Most of the world's inventions, innovations, and great works of art began as somebody's dream. Imagination lets us create; it gives us a vision for our future. But if we let it go too far astray, it can cause us big problems. Learning how to daydream in a better way begins by noticing what your imagination does when you let it go "off leash." Without over thinking this, sit back and imagine your future tomorrow, next month, or next year. How do those visions feel to you? Do they make you happy and inspired? Or do you feel tense and numb? It may seem odd, but many of us do daydream in a way that makes us feel depressed, threatened, even trapped. See if any of the following patterns sound familiar to you.
1. Flirting with disaster. The most destructive kind of daydreaming is what the psychologists term catastrophic daydreaming; your very own waking nightmare of all the awful things that might happen. If this is you, the next time you catch yourself having one of these waking nightmares, stop and tell yourself what's happening. it is possible to shake these off just as you would with a sleeping nightmare. the next step is to rein in your mind. If you are a chronic catastrophic daydreamer, this won't be easy, but you can do it. Ms. Becks suggests that trying to think positively only makes us struggle more and reinforces your negative feelings. Instead, she suggests that we stop focusing our attention on "the swirling anxiety" and then refocus the attention back onto reality...the here and now. Start with your body; don't judge the sensations you're feeling, simply notice them. Next, notice and feel your breath as it goes in and comes out. Pay attention to gravity. it's holding you firmly in place. Look around your environment. Notice small details of items and when your mind is fully engaged with your reality, your catastrophic fantasies will begin to disappear. Now that you can, at that moment, cope with whatever is happening. Each moment is all we ever have, for sure.
2. Looping. For most of us, we do this without even realizing what we're doing. When we think about the future we get caught up in a feedback loop of the same-old, same-old thoughts. This is known as looping. We never imagine anything different for ourselves. If we grew up in a household where financial resources and food were scarce, or limited, then we might loop our own fantasies of never having enough. These images sound dull and lack-luster...completely without imagination. But beware! They can be very, very powerful. Our looping thoughts can generate an endless cycle that can keep us from achieving our best future or destiny. Imagination is unlimited and it's free! Why not use it? Begin with dreaming about a future that's just a little bit better. And when that feels comfortable and you can do it with ease, then aim for something a bit better.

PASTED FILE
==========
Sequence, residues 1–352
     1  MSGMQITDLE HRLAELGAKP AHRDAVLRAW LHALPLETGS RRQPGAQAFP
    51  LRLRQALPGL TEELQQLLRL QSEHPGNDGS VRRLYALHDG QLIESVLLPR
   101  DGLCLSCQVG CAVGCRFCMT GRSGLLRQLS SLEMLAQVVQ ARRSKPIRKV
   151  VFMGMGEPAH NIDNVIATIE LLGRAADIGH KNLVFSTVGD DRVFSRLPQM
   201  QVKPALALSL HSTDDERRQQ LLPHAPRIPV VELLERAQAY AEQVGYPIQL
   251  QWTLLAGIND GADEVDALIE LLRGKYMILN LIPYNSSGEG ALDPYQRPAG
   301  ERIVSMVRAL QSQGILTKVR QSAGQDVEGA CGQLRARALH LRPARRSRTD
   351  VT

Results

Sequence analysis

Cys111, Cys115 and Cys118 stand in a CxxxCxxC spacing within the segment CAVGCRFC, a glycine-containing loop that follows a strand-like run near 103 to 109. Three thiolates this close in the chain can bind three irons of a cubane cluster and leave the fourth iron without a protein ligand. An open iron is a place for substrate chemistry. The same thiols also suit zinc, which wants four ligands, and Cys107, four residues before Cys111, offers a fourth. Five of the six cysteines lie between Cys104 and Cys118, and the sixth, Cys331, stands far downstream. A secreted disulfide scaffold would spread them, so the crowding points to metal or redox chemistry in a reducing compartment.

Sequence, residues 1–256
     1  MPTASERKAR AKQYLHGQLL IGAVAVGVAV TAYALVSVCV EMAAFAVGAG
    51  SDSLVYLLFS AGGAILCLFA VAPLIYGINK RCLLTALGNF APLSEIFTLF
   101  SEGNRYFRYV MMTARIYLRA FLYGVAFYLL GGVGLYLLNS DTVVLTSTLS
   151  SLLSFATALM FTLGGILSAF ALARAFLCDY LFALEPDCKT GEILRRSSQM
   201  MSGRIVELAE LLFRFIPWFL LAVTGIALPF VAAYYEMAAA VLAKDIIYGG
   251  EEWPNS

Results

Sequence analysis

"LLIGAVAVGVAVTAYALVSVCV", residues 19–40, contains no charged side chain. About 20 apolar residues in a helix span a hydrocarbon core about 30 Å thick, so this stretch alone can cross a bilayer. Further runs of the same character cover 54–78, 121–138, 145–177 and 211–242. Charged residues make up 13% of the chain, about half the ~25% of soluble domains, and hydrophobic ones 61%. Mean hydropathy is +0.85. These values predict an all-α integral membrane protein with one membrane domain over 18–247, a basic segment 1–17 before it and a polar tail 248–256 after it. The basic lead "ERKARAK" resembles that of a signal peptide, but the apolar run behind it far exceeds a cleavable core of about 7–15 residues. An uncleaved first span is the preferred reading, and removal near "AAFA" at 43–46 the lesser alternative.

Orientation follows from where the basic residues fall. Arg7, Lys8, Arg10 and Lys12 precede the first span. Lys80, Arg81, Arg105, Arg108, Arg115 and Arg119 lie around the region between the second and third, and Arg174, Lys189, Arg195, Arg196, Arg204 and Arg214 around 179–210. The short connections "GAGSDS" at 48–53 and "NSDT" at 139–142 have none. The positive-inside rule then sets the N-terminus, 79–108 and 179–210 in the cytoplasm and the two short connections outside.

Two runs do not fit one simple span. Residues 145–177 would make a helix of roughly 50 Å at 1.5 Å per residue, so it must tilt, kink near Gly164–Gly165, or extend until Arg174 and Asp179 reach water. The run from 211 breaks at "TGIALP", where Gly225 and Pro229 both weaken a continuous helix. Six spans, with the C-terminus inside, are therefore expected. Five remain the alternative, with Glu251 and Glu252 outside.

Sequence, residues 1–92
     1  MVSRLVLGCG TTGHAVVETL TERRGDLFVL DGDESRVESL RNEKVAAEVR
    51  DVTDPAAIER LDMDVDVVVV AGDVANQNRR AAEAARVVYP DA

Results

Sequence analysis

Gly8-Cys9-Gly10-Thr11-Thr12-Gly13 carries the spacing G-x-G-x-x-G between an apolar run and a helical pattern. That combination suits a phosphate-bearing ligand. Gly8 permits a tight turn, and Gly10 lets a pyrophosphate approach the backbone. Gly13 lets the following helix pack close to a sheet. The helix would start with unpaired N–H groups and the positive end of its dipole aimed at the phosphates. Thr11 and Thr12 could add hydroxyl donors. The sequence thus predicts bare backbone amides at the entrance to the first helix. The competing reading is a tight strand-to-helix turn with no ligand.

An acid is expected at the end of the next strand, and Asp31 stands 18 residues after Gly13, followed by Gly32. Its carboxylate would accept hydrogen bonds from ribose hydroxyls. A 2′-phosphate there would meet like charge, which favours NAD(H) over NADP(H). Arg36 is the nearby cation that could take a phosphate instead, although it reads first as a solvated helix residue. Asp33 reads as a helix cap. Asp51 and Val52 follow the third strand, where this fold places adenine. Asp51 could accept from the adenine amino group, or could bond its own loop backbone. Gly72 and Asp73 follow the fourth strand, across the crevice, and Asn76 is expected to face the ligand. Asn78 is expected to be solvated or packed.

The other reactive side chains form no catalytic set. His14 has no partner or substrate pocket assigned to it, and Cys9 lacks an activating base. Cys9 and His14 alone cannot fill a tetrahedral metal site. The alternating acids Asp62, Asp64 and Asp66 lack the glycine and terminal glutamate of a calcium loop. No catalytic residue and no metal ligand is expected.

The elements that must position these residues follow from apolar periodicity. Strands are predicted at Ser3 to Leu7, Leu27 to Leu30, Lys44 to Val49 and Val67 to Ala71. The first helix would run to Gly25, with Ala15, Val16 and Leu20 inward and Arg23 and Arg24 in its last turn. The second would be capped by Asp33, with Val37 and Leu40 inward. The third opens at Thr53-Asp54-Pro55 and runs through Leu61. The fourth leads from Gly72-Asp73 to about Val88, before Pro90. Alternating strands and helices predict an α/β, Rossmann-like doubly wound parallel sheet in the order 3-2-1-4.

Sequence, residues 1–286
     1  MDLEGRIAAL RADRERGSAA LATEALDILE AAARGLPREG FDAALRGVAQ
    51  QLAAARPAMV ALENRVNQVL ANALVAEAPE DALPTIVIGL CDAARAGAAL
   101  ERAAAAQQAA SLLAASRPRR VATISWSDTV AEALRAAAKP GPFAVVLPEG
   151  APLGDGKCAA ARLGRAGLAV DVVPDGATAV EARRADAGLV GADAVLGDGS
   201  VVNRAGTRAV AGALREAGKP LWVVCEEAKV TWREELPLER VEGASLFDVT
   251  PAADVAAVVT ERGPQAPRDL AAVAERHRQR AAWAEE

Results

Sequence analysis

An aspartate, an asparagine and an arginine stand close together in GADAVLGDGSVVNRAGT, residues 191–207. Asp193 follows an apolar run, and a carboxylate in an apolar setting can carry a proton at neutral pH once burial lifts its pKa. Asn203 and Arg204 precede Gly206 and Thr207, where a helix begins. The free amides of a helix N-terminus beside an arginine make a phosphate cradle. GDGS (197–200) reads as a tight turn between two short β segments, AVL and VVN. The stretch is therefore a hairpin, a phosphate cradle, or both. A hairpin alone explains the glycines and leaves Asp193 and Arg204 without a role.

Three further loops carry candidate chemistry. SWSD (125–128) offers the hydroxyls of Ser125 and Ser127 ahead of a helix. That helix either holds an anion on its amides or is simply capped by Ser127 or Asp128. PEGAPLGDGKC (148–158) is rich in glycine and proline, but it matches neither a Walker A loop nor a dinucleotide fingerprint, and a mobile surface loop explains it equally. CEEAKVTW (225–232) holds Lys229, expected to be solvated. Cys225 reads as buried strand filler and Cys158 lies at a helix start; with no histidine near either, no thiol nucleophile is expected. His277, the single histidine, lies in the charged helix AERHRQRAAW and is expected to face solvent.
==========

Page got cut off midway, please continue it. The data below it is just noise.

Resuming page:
3. Pipe dreaming. Dreams should motivate you. Martha Beck feels that having outrageous fantasies can be a bit "like opiates; we get drugged into a happy stupor." We imagine everything, but do nothing. A bit like The Secret Life of Walter Middy." it's easy to fantasize about becoming a famous author or a Hollywood movie star without thinking about the work and training that has to come before these things can happen. fantasy should give you a taste of success that will be enough to keep you going "through the tough hours of fulfillment." If you find that you have long-standing fantasies yet haven't done anything about making them a reality, then your mind could be addicted to these pipe dreams. The fix? Figure out smaller steps. Instead of imagining yourself as, say, the highest paid actor in Hollywood, try imaging yourself getting a part in your local community theater group. Or even taking lessons from a real acting coach! Once you've managed to make that happen, then move on to something a little bit grander. It's all about baby steps.
Once you've found and shaped your right fantasy, it'll bring you joy, not heartache and depression...or worse! And while your fantasy may not lead you to the exact spot you imagined, it could lead you to something even better!
Ms. Beck tells us that "healthy fantasies are one of the best holiday treats you can give yourself...just don't get trapped in la-la land." So best wishes and happy (realistic) fantasizing!